21:02, January 18 170 0 abajournal.com

2019-01-18 21:02:05
Mueller’s office disputes report that claimed it had evidence Trump directed Cohn to lie to Congress

President Donald Trump, Michael Cohen and attorney general nominee William Barr.

Updated: In a rare public statement, the office of Justice Department Special Counsel Robert Mueller said Friday evening that a report implicating President Donald Trump in obstruction of justice is not accurate.

A statement by Justice Department spokesman Peter Carr, who is detailed to the Office of Special Counsel, was reported by multiple news agencies Friday night.

“BuzzFeed’s description of specific statements to the special counsel’s office, and characterization of documents and testimony obtained by this office, regarding Michael Cohen’s congressional testimony are not accurate,” Carr said, as reported by the Washington Post.

The original BuzzFeed report said Mueller has evidence that Trump directed his former attorney, Michael Cohen, to lie to Congress about negotiations to build a Trump Tower in Moscow.

The article had led to a re-examination of attorney general nominee William Barr’s unsolicited memo on obstruction of justice. The initial focus was on Barr’s disagreement with the special counsel’s apparent obstruction investigation, but now the focus is on its reference to suborning perjury as classic obstruction, the Washington Post reports.

The original BuzzFeed report said Mueller has evidence that Trump directed his former attorney, Michael Cohen, to lie to Congress about negotiations to build a Trump Tower in Moscow. The story was based on information from two anonymous federal law enforcement officials.

According to BuzzFeed’s sources, Cohen acknowledged the directive to lie after the special counsel’s office already had gathered information about it from witness interviews, emails, text messages and a cache of other documents.

Cohen pleaded guilty in November to lying to about the project to the Senate and House intelligence committees.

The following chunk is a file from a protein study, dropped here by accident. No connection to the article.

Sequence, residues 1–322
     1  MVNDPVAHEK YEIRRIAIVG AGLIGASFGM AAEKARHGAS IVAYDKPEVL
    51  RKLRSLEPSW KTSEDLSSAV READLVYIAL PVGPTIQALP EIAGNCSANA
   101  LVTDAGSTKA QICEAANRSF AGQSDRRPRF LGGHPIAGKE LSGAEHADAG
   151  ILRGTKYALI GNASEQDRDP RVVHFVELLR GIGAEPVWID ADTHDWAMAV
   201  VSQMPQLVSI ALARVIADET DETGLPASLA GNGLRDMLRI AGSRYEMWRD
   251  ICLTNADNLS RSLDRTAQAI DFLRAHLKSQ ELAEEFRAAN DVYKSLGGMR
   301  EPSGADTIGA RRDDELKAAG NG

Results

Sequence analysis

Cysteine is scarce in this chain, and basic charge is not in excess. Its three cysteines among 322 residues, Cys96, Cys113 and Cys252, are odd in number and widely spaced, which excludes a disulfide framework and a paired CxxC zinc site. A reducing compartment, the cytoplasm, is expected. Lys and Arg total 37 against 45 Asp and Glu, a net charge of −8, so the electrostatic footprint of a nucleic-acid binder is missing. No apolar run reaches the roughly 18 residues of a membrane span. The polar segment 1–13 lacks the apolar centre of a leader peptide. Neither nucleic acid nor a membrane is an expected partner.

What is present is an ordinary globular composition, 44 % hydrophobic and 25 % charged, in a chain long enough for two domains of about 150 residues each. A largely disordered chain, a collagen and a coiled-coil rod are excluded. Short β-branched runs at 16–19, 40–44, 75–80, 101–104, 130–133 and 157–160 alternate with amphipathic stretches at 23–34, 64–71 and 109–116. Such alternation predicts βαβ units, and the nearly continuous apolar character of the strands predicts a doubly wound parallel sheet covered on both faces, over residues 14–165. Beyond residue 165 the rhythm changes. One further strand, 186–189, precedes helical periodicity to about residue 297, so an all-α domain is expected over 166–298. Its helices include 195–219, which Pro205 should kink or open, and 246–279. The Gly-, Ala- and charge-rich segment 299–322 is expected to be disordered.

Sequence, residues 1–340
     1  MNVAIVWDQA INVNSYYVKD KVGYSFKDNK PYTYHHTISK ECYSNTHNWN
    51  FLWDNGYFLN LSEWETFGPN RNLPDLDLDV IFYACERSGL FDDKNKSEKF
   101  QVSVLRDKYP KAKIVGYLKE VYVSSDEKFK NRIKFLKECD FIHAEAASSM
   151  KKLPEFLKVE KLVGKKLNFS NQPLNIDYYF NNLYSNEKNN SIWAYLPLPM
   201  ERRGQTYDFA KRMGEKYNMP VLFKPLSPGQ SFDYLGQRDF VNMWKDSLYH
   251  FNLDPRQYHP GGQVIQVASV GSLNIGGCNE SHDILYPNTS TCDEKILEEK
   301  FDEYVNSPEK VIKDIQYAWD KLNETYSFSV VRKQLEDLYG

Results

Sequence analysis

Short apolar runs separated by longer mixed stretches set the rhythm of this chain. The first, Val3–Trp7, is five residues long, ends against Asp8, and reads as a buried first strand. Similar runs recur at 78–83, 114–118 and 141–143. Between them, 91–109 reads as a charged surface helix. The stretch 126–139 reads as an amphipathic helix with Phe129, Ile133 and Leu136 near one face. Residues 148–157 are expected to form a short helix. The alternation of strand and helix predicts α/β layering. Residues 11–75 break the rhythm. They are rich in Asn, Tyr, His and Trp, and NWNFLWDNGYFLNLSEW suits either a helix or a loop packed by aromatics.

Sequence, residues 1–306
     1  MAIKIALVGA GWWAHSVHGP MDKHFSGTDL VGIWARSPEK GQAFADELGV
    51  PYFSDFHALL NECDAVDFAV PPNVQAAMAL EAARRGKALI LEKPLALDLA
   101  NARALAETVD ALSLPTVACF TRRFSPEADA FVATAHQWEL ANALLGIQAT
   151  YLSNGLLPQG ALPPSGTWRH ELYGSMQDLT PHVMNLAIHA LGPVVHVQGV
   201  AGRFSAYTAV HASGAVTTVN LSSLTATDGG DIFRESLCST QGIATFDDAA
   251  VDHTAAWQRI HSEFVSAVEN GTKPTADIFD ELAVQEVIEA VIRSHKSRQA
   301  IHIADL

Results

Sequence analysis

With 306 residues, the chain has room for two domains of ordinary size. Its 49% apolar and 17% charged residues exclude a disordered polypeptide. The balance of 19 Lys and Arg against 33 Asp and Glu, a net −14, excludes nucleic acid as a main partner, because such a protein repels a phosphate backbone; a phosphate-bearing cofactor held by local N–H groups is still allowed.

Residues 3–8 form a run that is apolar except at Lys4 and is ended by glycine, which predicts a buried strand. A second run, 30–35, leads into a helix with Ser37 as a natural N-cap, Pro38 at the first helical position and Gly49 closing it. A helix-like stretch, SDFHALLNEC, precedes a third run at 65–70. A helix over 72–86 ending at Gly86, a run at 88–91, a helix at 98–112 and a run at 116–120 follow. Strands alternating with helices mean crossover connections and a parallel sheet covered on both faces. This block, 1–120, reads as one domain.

The BuzzFeed report says “attorneys close to the administration” helped Cohen prepare his testimony, but BuzzFeed’s sources did not present evidence that the lawyers knew the statements were false. A lawyer for former White House counsel Don McGahn said McGahn “had no involvement with or knowledge of Michael Cohen’s testimony.”

Earlier in the day before Mueller’s office released its denial, House Intelligence Committee Chairman Adam Schiff, a California Democrat, said his committee will investigate the allegations, report BuzzFeed News and the Washington Post. Some like former Attorney General Eric Holder said that the allegations, if true, would be grounds for impeachment.

BuzzFeed issued a statement standing by its work Friday night, saying “We are continuing to report and determine what the special counsel is disputing.”

The Post notes that any statement at all from the special counsel’s office is unusual. The office had never before made a statement regarding evidence in the investigation.

The Buzzfeed story prompted the Washington Post to take another look at Barr’s unsolicited June 2018 memo to the Justice Department in which he said Mueller was apparently “proposing an unprecedented expansion of obstruction laws” in his investigation of Trump.

The memo said that suborning perjury or inducing a witness to change testimony amounts to obstruction in the “classic sense.” Barr thought Mueller’s obstruction investigation appeared to be focusing on other alleged matters: Trump telling then-FBI Director James Comey he hoped he could let go of the investigation of his former national security adviser, Michael Flynn, and Trump later firing Comey.

Investigation of the interactions with Comey would amount to “an unprecedented expansion of obstruction laws,” Barr wrote. Such an investigation would “reach facially lawful actions taken by the president in exercising the discretion vested in him by the Constitution.”

“Obviously, the president and any other official can commit obstruction in this classic sense of sabotaging a proceeding’s truth-finding function,” Barr wrote.

“Thus, for example, if a president knowingly destroys or alters evidence, suborns perjury or induces a witness to change testimony, or commits any act deliberately impairing the integrity or availability of evidence, then he, like anyone else, commits the crime of obstruction. Indeed, the acts of obstruction alleged against Presidents Nixon and Clinton in their respective impeachments were all such ‘bad acts’ involving the impairment of evidence. … The president, as far as I know, is not being accused of engaging in any wrongful act of evidence impairment.”

Barr also confirmed his views on classic obstruction during his confirmation hearing to Senate Judiciary Committee Chairman Lindsey Graham, a South Carolina Republican, and to Sen. Amy Klobuchar, a Minnesota Democrat.

Updated at 7:46 p.m. throughout to add the statements from the Office of Special Counsel and BuzzFeed.